Definitely my kids. When my eldest daughter was born, she had a congenital heart condition and needed open heart surgery at six-days-old. Now she’s 15 and strong, doing brilliantly at school and we’ve let her find her own way – not always easy! I also have 13-year-old twins. I want them to develop a strong work ethic but also to find that balance in life.

And what do you do in your spare time?

Lots of outdoor stuff, doing and watching sport, and ferrying children to and from activities. Outdoor swimming, walking, some cycling and running. I score for my girl’s cricket teams which forces you to concentrate and be in the moment like nothing else I’ve ever done!!

QWhy is the work you do important and what does it mean to you personally?

I'm passionate about what I do, meeting people, developing work but also working with clients and supporting them on projects, working as a part of a team. Having three daughters has also focussed me on how we can engage and develop others to join our industry, starting with support and careers advice at all levels within education. It’s important for us to share how we got to where we are and inspire others.

QWhat are some career highlights or exciting projects that you've worked on?

Working offshore as a newly qualified geophysicist was a real high. I loved being part of the team but also the unpredictability of it all and being at the sharp end.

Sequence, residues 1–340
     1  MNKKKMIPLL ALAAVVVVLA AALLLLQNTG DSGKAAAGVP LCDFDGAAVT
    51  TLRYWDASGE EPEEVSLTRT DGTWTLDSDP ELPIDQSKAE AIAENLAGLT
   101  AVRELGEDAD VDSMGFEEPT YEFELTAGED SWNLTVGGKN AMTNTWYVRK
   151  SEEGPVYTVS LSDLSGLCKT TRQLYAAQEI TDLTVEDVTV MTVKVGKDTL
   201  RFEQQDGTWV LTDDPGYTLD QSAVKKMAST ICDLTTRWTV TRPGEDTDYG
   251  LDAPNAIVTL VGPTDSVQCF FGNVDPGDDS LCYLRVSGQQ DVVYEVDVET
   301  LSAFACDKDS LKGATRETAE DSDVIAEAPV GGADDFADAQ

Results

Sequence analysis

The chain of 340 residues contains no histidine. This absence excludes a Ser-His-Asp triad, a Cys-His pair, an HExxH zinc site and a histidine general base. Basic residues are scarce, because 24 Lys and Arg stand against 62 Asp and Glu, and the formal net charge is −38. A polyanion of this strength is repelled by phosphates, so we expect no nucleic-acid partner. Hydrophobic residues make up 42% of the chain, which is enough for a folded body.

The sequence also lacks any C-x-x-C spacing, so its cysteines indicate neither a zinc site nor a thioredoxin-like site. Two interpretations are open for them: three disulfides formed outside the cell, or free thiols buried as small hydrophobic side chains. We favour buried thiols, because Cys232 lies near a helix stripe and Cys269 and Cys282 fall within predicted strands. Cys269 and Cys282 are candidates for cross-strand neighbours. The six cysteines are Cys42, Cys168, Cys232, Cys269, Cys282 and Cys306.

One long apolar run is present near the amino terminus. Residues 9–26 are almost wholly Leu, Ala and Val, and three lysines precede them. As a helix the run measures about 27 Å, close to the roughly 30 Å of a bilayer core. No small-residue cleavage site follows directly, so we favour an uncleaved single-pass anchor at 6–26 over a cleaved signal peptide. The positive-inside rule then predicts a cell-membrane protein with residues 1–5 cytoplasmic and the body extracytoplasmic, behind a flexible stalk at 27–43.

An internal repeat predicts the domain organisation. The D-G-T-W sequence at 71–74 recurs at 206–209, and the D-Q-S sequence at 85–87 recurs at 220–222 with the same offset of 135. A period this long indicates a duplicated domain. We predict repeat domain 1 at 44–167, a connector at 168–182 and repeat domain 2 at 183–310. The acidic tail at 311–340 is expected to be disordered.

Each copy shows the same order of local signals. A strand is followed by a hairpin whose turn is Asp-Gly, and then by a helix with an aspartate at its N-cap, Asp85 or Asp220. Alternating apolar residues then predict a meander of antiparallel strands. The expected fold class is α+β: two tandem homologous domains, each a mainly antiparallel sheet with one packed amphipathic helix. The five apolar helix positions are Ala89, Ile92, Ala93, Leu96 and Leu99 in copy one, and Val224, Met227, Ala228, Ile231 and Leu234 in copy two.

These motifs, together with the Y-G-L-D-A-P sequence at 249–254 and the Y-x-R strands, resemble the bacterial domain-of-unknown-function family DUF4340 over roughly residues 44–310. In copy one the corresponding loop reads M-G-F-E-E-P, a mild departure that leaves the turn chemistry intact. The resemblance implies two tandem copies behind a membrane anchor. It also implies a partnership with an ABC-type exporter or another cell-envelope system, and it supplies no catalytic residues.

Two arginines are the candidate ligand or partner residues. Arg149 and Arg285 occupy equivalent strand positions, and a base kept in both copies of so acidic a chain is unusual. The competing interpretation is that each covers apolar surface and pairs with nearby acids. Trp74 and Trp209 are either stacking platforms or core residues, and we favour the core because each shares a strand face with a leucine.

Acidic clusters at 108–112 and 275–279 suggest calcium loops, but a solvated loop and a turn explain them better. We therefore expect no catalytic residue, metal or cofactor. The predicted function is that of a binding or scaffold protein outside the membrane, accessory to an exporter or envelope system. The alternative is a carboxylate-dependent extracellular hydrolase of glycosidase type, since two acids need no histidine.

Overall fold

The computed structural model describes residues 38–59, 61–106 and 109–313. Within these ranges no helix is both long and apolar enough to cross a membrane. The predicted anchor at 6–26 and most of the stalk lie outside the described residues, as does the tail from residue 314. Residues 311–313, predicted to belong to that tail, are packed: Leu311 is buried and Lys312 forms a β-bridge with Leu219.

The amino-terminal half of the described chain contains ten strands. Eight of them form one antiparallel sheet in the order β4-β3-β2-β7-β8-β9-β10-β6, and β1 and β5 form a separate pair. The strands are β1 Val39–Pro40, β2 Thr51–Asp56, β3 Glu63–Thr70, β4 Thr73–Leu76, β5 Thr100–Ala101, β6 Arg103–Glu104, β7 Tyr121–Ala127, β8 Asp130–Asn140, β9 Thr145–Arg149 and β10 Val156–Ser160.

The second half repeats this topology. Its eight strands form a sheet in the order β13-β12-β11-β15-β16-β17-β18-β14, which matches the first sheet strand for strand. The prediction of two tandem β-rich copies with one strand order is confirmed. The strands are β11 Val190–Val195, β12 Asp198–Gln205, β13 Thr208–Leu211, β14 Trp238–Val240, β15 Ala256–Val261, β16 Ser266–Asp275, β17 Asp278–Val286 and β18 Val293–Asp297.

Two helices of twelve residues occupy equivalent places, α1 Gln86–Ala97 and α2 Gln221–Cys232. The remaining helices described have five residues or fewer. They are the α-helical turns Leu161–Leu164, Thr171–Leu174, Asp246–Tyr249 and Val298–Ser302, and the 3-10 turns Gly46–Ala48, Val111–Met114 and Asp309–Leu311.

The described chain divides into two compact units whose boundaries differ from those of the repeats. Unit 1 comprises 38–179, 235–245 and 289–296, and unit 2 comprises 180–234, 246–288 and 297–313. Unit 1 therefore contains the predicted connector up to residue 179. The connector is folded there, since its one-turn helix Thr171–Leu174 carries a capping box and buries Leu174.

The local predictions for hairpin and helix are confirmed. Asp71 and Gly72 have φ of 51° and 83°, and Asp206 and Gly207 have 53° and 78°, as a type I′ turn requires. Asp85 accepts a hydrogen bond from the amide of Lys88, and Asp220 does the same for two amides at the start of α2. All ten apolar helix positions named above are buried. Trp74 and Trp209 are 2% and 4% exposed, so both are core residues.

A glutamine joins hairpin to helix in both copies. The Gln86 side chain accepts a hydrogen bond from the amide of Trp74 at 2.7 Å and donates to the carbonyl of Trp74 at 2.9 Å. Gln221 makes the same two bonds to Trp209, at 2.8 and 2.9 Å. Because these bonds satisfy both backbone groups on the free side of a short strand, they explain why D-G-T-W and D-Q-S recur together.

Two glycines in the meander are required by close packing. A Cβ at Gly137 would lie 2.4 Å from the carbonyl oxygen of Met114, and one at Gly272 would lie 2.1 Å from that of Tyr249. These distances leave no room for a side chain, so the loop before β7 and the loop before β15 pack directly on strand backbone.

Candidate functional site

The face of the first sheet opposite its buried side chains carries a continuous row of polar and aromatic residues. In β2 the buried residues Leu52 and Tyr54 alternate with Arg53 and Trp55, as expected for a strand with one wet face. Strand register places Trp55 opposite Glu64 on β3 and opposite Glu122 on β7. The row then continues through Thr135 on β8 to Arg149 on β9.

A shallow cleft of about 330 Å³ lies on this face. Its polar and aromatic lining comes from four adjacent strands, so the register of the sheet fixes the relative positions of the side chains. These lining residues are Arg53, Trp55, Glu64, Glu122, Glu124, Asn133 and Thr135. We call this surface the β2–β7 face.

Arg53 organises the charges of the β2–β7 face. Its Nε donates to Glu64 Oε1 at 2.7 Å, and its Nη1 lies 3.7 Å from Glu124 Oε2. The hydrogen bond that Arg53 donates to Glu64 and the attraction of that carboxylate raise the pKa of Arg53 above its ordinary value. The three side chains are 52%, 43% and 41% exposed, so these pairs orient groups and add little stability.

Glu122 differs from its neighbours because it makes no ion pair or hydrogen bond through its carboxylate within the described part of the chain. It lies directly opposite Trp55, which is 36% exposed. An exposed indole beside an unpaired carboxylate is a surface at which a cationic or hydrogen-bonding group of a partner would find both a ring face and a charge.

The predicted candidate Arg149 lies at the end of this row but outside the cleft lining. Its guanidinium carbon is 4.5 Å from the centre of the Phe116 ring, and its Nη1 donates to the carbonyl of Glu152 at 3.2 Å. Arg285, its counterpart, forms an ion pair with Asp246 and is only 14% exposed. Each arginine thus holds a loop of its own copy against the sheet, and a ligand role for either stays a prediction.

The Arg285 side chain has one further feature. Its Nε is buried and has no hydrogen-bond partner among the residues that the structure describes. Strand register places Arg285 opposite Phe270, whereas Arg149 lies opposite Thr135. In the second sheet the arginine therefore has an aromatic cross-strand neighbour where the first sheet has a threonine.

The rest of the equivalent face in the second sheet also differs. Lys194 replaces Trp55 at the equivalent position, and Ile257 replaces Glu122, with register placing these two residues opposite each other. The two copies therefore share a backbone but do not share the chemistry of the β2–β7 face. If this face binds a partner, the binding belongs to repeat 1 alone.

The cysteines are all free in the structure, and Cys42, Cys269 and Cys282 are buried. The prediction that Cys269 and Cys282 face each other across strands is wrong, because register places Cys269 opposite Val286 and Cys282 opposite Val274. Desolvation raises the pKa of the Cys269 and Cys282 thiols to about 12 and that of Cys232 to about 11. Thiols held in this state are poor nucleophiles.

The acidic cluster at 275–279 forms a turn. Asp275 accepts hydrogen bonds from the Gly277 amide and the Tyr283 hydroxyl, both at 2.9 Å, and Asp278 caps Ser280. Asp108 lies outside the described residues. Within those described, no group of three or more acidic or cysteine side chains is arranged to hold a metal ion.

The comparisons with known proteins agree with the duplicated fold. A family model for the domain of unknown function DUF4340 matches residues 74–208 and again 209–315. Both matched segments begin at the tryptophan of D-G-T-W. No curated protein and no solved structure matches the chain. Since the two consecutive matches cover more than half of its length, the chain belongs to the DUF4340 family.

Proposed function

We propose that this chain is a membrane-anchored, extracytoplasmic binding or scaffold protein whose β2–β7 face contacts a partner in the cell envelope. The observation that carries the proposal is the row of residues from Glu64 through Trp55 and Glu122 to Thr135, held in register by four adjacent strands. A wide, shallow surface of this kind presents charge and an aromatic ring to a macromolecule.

About 15 years ago, as a project manager, I worked with a very small oil company, managing their survey work. They had a huge find in the North Sea, the first one for more than 15 years at the time and I was with them as they grew and developed, managing all their site investigation through the development of  what was to become the Buzzard Field.

I was also involved in an R&D project with TotalEnergies for six years, where we were using drones to drop sensors in remote areas. I was lucky enough to spend time on a seismic crew in the jungle in Papua New Guinea in 2017 which was fascinating. Just before the first lockdown, I was in the desert in Abu Dhabi for the next phase of testing on the project. It was amazing to be part of a huge R&D project and to be part of the team shaping it but also to be involved in the field.

Another big highlight has been building our team. We're very adaptable with a diverse skillset, with brilliant technical specialists and project managers working cross sector and cross discipline, worldwide. Nicky [Simpson]’s marine consenting and environmental team and Julie Sneath’s operations teams are both some of the best in the business and I’m really proud of our whole Sites team.

QWhat advice would you give to your younger self?